While in Athens Greece, we decided to take a day trip to visit the site of the Oracles that were instrumental in helping the ancient Greeks (in fact, those from all Hellenistic kingdoms) in making decisions on everything from whether to marry or buy a home or, for rulers, decisions on whether to make war with another kingdom. Rather than make the long drive and try to decipher the remains of the temple and its artifacts on our own, we took a tour offered by GoTours.
The long, two-plus-hour drive took us past historic sights that we caught glimpses of from the bus windows:
- Penteli Mountain, where the marble used to construct both Delphi and the Acropolis was quarried
- Marathon, the site of Athens decisive 490 B.C. land battle with the Persians and from which a messenger ran back Athens to deliver the news (leading to the origin of the marathon race);
- Thebes, which provided justification for a retelling the story of Oedipus;
- Rich agricultural area that is the source of much of the country’s cotton, wheat, barley and vegetable production. Then, just before arriving in Delphi, we passed the
- Spring at which visitors to the religious site had to purify themselves before entering the complex.
The Delphic Powers
Along the way, our guide told us of the mythical and practical founding of Delphi. The myth: Zeus released two eagles, ordering them to fly in opposite directions and designated their meeting point as the center of the earth. (Sounds like the ancient Greeks determined the earth was round about 1.500 years before the rest of Europe). The more practical rationale was the location of a fissure in the earth’s crust from which escaping gas (probably some form of natural gas or sulphur dioxide) created a stupor which was interpreted as a trance in which the subject would hear the voice of Apollo.
This led to the founding of the site in the eight century B.C. and within another century, Delphi was recognized as the single most important religious site in not just the Greek world, but the entire Hellenistic world. People came from wide and far, by ship, to a steep climb up the sacred mountain, to honor Apollo and to consult the Oracle with questions ranging from a citizen’s decision to marry through a King’s determination as to whether to invade another country—in return for a payment and the sacrifice of an animal.
The Oracle, while in a trance, issues statements that, allegedly, could only be interpreted and communicated through a priest. A priest who, wishing to maintain his revered status and perks often responded in ambiguities that could be interpreted in different ways. As legend has it, in the mid 6th century B.C., King Croesus of Lydia, seeking advice as to whether to invade Persia, was told that an invasion would result in the defeat of a great empire. The empire, as it turned out, was his own. Alexander the Great, on the other hand, was, supposedly, told much more unequivocally, that he would conquer the world, which he was well on track to doing until he died at age 33.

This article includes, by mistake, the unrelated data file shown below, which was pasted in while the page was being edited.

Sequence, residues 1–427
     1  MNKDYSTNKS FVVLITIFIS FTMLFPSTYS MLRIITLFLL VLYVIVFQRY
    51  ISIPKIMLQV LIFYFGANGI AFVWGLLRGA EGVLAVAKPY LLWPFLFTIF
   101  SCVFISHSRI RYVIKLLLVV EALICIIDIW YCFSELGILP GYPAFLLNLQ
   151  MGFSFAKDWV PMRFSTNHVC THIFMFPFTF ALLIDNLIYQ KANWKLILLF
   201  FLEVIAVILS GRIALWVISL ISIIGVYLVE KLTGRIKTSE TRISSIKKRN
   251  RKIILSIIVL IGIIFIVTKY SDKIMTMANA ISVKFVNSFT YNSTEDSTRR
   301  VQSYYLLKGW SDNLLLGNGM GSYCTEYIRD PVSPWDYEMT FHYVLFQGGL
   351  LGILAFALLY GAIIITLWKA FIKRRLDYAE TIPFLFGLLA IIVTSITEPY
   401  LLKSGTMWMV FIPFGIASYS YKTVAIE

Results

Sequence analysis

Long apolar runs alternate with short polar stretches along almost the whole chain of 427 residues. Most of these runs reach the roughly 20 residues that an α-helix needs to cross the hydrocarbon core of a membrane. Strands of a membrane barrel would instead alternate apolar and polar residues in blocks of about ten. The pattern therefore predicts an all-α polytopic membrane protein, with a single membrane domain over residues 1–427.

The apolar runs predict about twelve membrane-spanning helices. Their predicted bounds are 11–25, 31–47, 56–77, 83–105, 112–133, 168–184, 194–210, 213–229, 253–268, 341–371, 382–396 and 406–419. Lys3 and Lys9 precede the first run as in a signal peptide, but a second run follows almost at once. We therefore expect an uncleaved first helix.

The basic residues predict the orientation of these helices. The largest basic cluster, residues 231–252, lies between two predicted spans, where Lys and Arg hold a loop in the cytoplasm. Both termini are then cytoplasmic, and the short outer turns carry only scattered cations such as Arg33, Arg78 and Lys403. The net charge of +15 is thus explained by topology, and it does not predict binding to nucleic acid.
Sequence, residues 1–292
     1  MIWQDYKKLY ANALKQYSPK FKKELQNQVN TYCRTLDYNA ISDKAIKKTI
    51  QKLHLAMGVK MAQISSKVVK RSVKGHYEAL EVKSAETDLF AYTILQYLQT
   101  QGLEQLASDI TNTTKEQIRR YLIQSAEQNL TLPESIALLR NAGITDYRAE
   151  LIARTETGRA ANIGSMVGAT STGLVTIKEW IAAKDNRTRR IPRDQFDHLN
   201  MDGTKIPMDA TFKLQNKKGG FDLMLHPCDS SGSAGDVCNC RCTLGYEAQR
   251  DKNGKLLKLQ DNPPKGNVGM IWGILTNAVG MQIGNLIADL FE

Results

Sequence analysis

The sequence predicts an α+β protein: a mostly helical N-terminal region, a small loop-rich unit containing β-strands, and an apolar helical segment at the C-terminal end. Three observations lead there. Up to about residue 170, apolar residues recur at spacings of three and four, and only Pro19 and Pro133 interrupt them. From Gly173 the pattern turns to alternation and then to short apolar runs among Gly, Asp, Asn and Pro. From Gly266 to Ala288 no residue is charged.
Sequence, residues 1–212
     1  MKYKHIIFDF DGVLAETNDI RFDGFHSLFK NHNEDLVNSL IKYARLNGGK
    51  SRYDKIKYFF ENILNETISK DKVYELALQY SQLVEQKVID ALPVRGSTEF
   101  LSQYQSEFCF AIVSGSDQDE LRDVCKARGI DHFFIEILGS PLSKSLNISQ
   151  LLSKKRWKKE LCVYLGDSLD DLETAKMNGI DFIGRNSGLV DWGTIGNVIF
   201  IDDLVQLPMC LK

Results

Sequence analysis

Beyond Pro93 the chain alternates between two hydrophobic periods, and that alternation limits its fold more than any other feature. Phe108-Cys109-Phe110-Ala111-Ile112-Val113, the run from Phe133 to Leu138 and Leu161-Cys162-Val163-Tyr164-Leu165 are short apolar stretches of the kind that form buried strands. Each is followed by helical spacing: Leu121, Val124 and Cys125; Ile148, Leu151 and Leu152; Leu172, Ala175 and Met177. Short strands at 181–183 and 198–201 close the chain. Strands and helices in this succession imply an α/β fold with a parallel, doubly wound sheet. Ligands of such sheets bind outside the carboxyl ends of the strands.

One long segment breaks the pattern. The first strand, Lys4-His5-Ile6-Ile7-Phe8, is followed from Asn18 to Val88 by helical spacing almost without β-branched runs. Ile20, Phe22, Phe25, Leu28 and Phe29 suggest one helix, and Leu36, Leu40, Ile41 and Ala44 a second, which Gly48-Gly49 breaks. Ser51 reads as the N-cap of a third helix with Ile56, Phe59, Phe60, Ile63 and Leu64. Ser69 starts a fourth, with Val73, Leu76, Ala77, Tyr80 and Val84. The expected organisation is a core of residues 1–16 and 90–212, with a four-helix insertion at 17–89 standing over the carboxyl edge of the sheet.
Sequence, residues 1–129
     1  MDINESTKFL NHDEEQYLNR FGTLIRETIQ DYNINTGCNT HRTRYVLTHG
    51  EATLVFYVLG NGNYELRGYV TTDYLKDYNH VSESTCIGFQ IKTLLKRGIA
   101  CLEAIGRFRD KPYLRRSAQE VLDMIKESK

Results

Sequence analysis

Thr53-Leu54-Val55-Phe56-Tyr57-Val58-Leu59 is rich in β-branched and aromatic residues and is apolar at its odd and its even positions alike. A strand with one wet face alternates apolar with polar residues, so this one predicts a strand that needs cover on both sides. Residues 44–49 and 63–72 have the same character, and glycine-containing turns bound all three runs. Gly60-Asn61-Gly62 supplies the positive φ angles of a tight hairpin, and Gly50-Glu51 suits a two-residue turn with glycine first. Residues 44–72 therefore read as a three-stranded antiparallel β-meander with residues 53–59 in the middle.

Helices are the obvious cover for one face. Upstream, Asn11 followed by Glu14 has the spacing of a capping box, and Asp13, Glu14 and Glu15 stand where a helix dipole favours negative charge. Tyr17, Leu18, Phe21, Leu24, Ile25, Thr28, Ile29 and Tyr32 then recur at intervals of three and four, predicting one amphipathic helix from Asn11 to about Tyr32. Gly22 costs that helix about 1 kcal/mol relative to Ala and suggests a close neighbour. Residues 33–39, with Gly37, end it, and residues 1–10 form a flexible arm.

The Oracles and the priests, however, provided something of another hedge to prognostications. The waiting chamber of the forum was, apparently, adorned with teachings of Greek philosopher’s: Teaching such as “know thyself” and “nothing in excess: everything in moderation”. The recipient of the projection, therefore, was supposed to interpret them in context of the teaching of the great Greek philosophers; philosophers who were enshrined in grand statues in the temple.
But despite the ambiguities and hedging, even the most war-prone of the Hellenistic city-states acknowledged the importance of Delphi and the need to protect it. They therefore entered into a confederation whereby each would donate some combination of money, men and equipment to protect the site. And to create a bond among the nations, they staged a Pan-Hellenic sports competitions every four years, the winners of which would be awarded coveted laurel (aka, bay leaf) wreaths. (A tradition that continued until it was eventually banned by the Romans.). But even this coordination and camaraderie couldn’t overcome the city-states predefinition for and glorification of conquest. Athens, for example, built a monument on the Delphi grounds commemorating its victory over the Persians. When Sparta defeated Athens in the Peloponnesian War, it constructed a monument commemorating its victory—placing it directly across from the Athen’s monument.